Since 2009, I've delivered quite a few Executive MBA classes, from Paris to Shanghai. It's an activity that I really enjoy — and, if I may say so myself, my students too. The thing is, such three-day courses are usually very educational for me. Having three days together is a real luxury, even by the current standards of executive seminars that we run directly in the industry. During this time, we have many opportunities to dissect the standard business logic and try to rewrite it very extensively in some cases. Among other things, this allows me to reassess what managers keep on finding difficult to grasp when launching innovative businesses and sustaining them later on.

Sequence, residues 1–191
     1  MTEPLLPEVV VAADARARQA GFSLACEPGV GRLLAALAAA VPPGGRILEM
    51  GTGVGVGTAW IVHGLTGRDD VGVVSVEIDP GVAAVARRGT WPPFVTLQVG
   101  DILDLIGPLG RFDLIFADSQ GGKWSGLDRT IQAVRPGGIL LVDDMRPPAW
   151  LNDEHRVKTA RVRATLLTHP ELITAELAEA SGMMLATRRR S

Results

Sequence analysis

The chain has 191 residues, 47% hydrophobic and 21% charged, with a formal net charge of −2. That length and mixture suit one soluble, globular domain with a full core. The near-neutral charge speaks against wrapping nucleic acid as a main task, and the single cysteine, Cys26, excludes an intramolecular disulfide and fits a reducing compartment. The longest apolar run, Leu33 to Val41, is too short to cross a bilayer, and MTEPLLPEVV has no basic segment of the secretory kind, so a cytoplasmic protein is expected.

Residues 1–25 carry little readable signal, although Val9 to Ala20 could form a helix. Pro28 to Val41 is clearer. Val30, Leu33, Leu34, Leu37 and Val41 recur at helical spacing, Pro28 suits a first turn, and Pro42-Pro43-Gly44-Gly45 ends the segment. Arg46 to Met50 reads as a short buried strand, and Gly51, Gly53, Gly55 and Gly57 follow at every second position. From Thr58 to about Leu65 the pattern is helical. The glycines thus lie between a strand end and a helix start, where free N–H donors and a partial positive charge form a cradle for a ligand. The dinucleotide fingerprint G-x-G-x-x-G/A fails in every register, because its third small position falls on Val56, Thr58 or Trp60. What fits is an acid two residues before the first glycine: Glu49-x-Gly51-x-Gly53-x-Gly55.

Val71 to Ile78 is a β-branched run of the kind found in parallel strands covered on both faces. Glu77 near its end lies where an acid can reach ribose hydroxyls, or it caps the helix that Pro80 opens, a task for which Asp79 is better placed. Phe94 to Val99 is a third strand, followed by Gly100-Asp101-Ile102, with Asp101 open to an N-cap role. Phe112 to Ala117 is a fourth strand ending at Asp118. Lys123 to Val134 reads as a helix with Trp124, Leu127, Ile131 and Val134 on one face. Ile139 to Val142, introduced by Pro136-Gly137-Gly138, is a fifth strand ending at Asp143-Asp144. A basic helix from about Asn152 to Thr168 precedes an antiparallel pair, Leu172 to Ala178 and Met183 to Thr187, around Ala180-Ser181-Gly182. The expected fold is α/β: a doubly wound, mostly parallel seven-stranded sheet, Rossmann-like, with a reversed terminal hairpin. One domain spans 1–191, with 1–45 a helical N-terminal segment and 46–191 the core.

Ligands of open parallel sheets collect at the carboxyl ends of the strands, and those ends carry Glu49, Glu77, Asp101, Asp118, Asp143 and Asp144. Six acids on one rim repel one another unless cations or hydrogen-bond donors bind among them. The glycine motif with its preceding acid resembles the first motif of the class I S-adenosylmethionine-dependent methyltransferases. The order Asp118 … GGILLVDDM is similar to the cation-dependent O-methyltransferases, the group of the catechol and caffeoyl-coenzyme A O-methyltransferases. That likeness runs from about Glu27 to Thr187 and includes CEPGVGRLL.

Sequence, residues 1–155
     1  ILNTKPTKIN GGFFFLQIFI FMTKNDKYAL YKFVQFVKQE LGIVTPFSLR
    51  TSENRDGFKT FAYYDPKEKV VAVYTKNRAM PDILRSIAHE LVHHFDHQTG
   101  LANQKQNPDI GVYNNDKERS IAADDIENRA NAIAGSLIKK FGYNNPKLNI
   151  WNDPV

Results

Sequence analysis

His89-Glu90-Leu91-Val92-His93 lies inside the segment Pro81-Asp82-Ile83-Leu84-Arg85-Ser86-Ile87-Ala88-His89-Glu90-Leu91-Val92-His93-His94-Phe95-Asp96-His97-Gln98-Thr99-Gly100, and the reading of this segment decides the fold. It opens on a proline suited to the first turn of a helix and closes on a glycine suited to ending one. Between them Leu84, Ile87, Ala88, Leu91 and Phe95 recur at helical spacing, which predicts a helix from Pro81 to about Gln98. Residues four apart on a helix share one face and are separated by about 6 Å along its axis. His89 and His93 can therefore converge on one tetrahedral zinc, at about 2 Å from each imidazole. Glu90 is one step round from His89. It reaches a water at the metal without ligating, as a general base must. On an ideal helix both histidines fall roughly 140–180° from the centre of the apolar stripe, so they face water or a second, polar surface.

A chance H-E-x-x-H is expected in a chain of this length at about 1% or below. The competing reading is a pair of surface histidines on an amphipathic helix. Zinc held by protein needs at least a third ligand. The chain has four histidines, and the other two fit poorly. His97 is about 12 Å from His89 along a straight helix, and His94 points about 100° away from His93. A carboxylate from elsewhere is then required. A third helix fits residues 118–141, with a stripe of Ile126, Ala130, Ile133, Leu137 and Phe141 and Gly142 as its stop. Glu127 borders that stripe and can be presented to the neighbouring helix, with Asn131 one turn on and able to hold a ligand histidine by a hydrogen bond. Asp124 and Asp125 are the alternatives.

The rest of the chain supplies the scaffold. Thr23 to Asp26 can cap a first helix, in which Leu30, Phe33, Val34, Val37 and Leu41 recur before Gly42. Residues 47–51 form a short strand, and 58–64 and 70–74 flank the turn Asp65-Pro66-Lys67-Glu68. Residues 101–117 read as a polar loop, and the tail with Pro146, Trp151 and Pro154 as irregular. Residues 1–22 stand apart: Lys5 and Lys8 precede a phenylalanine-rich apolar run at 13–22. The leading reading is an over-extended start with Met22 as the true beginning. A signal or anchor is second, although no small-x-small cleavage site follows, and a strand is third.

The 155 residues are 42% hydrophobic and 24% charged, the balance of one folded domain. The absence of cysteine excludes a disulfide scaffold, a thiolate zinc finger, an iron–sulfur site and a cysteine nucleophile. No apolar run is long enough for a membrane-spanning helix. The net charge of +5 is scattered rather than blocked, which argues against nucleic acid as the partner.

Weirdly enough, one of the top issues that I encounter on how executives think about innovation and business, in general, has always been about marketing. There are many reasons why. Starting with the cold and harsh reality, most marketing strategies are abysmally bad. I’m not even saying they could be improved. They are not worth anyone's attention, which potential customers soon realize.